Nova Scotia’s Bruce Auto Group launches Yewy online marketplace

Company Executive VP explains why Yewy is their way to keep up with progress

Since launching Yewy, their new online marketplace, on the September long weekend, it’s been a busy couple of weeks for the people at Bruce Auto Group, who are based in Nova Scotia. The company was fortunate enough to have escaped most of the major damage from Fiona, and was able to embark on their virtual marketplace journey, which seems to be going well. Canadian auto dealer talked with Bruce Auto Group’s Executive VP JP Martel about the new platform and the process to get there.

Through Yewy, customers will be able to buy, sell, finance or trade in vehicles from anywhere at any time, without ever entering the dealership if they don’t want to. Yewy is intended to be “an e-commerce extension of their business with the same level of trusted service and expertise.” Yewy enables customers to shop across the Bruce vehicle inventory, with no-haggle pricing transparency, a seven-day money-back guarantee and delivery directly to the customer’s driveway.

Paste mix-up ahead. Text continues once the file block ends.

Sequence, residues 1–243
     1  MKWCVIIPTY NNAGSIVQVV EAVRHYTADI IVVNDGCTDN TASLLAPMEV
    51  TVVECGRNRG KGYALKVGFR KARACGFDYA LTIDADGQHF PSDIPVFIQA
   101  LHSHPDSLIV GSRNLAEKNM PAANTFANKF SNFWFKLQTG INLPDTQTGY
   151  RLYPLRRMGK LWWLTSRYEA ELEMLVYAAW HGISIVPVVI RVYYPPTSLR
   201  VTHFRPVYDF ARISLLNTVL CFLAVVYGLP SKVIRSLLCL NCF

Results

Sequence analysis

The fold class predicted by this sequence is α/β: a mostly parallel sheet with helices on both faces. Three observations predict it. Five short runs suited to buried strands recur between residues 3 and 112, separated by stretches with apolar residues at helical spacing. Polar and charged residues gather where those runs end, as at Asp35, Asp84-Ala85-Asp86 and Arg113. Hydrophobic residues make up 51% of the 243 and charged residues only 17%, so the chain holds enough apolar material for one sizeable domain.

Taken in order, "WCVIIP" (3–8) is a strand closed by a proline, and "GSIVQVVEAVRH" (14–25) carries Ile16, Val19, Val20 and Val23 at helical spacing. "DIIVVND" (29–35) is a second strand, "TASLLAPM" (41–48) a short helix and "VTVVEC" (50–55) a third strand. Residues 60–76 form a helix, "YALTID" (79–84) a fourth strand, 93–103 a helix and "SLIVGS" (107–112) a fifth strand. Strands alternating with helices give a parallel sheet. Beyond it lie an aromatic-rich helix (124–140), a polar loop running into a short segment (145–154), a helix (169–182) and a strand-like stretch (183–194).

Though not a product of the pandemic, Yewy (the informal name for a U-turn) was developed with the future of the industry in mind. “We had an idea that this is where the industry was going, that there was a need for this even prior to Covid,” said Martel. “But Covid definitely accelerated this. Because of Covid of course, we had to sort of adapt very quickly to customers’ needs, and we learned a lot from that.”

Yewy takes the dealership online store to the next level in a couple of ways, said Martel. “The difference would be that a customer through Yewy can purchase a vehicle from start to finish without even talking to somebody at the dealership.” 

The omnichannel platform encompasses trade-ins, financing, and even warranties. But customers can talk to someone at the dealership at any step of the process. “When we talk about omnichannel, I think most people automatically think about a total online shopping or an online experience. But a customer could pick up a vehicle on Yewy, put it in the “garage”, add a few options like warranties, and then they could decide to do the paperwork and the delivery at the dealership, or at their home if they wanted to. So they could flip from one channel to the next at any time during the sales process,” said Martel.

The company knows that the proof is really in the driving, so vehicles purchased on Yewy come with a seven-day, 500 kilometre warranty so buyers can be confident the car they are buying will meet their needs.

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